Ref must clamp down on cynical stuff from Tipp if Cork hurlers are to prosper

Ref must clamp down on cynical stuff from Tipp if Cork hurlers are to prosper

Mark Coleman was outstanding against Dublin but Tipp will do everything they can to halt him in his tracks. Picture: Daire Brennan/Sportsfile

CORK hurling manager Kieran Kingston would have been wise to plant a few seeds in the media before the qualifier against Tipp on Saturday by stating that he hopes the referee James Owens clamps down on cynical fouling.

In last season’s opening fixture in the Munster Championship between these two sides, the expectation was that the swift Cork attack would run at the likes of the Mahers and cause them considerable problems.

Unsurprisingly this did not transpire, as returning Tipperary manager Liam Sheedy was never going to go into such an important game without a thought-out strategy to negate his opponent’s apparent strengths.

Therefore, when the game started Tipp had a clear tactic of fouling Cork players the moment they gained possession anywhere around the middle of the pitch in order to prevent them from getting up a head of steam and breaching the Tipperary defence. The approach was not unlike Kerry’s approach last Sunday, where a Cork player was fouled the moment possession was won around the centre of the pitch.

Graeme Mulcahy of Limerick is tackled by Ronan Maher and Seán O'Brien. Picture: Brendan Moran/Sportsfile
Graeme Mulcahy of Limerick is tackled by Ronan Maher and Seán O'Brien. Picture: Brendan Moran/Sportsfile

Patrick Horgan ended up scoring 10 points from frees in the game, but Tipp seemed happy enough to let the Glen Rovers man chip away from dead balls rather than to concede scores from play and let Cork build momentum. 

They knew that, given the way Cork play, that they themselves would get ample shots on goal, so they clearly backed themselves to outscore Cork, which they duly did, winning 2-28 to 1-24. 

This approach also had the dual effect of guaranteeing that none of the Tipp defenders got overly exposed, while also ensuring that none of the Cork attackers got into full flow either.

Cork needed a strong referee that day, but Kilkenny’s Seamus Cleere let Tipp off the hook. If Cleere had issued a quick yellow to a Tipp player for cynical fouling early doors then the game could have turned out very differently.

And here we are nineteen months later and the Maher brothers will certainly not have gotten any faster in the interim. Sheedy’s side will have the same fears that they had last May and so they are likely to adopt a similar approach to putting the brakes on the likes of Shane Kingston, Robbie O’Flynn and Seamus Harnedy.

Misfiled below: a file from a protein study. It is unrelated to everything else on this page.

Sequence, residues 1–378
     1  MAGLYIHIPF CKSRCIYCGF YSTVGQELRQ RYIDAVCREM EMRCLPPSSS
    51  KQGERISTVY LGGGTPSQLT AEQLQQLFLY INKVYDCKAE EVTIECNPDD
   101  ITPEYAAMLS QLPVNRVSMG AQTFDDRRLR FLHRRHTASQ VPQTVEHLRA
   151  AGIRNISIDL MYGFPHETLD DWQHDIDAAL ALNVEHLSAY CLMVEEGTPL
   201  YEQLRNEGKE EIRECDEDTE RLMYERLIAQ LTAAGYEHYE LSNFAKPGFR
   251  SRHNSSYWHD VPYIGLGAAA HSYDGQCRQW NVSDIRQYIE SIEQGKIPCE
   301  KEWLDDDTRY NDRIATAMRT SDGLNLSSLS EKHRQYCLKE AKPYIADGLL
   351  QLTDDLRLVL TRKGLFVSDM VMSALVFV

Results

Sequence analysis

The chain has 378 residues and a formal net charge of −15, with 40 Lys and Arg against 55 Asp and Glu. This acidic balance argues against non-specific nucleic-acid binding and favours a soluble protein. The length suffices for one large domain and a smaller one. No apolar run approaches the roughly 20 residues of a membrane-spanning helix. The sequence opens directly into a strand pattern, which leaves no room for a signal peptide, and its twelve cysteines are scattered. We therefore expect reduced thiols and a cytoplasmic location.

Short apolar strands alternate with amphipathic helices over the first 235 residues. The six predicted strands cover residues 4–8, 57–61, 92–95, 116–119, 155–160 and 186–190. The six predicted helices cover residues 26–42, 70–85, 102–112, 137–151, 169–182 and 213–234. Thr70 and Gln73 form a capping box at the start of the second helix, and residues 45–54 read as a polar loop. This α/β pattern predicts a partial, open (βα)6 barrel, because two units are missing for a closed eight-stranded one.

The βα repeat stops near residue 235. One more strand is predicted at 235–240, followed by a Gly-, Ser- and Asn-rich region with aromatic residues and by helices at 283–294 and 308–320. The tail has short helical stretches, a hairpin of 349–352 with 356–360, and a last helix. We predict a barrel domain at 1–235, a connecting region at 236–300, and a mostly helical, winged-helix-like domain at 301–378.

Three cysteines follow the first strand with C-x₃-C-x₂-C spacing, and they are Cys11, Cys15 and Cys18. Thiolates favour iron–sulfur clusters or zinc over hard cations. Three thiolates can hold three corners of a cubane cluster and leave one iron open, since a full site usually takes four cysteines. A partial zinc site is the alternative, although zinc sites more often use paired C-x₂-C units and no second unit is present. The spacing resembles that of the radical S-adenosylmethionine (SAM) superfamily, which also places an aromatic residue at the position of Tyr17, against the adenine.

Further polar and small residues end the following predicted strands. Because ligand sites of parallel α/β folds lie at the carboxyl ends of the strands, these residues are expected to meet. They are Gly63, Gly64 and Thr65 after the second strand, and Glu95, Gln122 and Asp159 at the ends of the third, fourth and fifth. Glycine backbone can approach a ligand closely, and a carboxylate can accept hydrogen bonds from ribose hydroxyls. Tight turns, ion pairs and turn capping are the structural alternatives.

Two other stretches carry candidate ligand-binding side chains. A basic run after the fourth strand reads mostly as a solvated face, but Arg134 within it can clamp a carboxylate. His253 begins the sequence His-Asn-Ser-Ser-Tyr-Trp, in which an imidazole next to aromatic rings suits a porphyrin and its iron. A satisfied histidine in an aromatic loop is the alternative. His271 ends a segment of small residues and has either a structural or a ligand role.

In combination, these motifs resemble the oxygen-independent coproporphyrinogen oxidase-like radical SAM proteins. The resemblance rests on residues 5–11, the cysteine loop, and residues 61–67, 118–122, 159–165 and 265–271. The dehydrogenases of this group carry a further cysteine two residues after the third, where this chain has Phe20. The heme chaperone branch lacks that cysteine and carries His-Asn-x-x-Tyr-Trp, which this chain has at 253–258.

Cork would not normally become embroiled in such ‘campaigning’ but this is cut-throat hurling now and if Kingston could get into James Owens’ ear at all it could well be extremely advantageous to Cork on Saturday evening.

Kieran Kingston. Picture: Ray McManus/Sportsfile
Kieran Kingston. Picture: Ray McManus/Sportsfile

Mark Coleman is unlikely to get the same level of freedom against Tipperary as he got against Dublin last weekend. The Blarney man ran the show with a sumptuous display of ‘quarter-back hurling’ from deep, picking up popped passes from teammates and more often than not pinging them straight to a colleague in a more advanced position. 

Again, Sheedy will know that Tipp simply cannot let Coleman dictate affairs, and that is why he will not be let. Tipp will look to ensure that Coleman gets tied up in a man-marking role which would reduce his influence, as well as the quality of ball going into Horgan and co.

The upturn in Cork’s work-rate from the Waterford game to the Dublin match was extremely noticeable. A couple of blocks from Luke Meade and an excellent hook from Declan Dalton were the highlights but overall the intensity levels and aggression had increased considerably. In order to beat Tipp these rates will have to increase even further. 

Tipperary are a side that if you let them hurl they will hurt you. They have too many stickmen all over the pitch. They must be outworked. 

Colm Spillane of Cork in action against Ronan Hayes of Dublin. Picture: Ray McManus/Sportsfile
Colm Spillane of Cork in action against Ronan Hayes of Dublin. Picture: Ray McManus/Sportsfile

That has to be Cork’s number one priority this weekend. No matter what happens, they must not be outworked by Sheedy’s side like they were by Liam Cahill’s Waterford two weeks ago.

The Cork footballers outworked Kerry on Sunday. All that hard work meant that the quality of ball going into the likes of David Clifford inside in the Kerry full-forward line was not of the silver service variety. The hurlers must do the same in terms of restricting Seamus Callanan and John McGrath’s influence on the scoreboard. 

They certainly cannot concede anything close to the 28 points in last year’s game against the Premier County.

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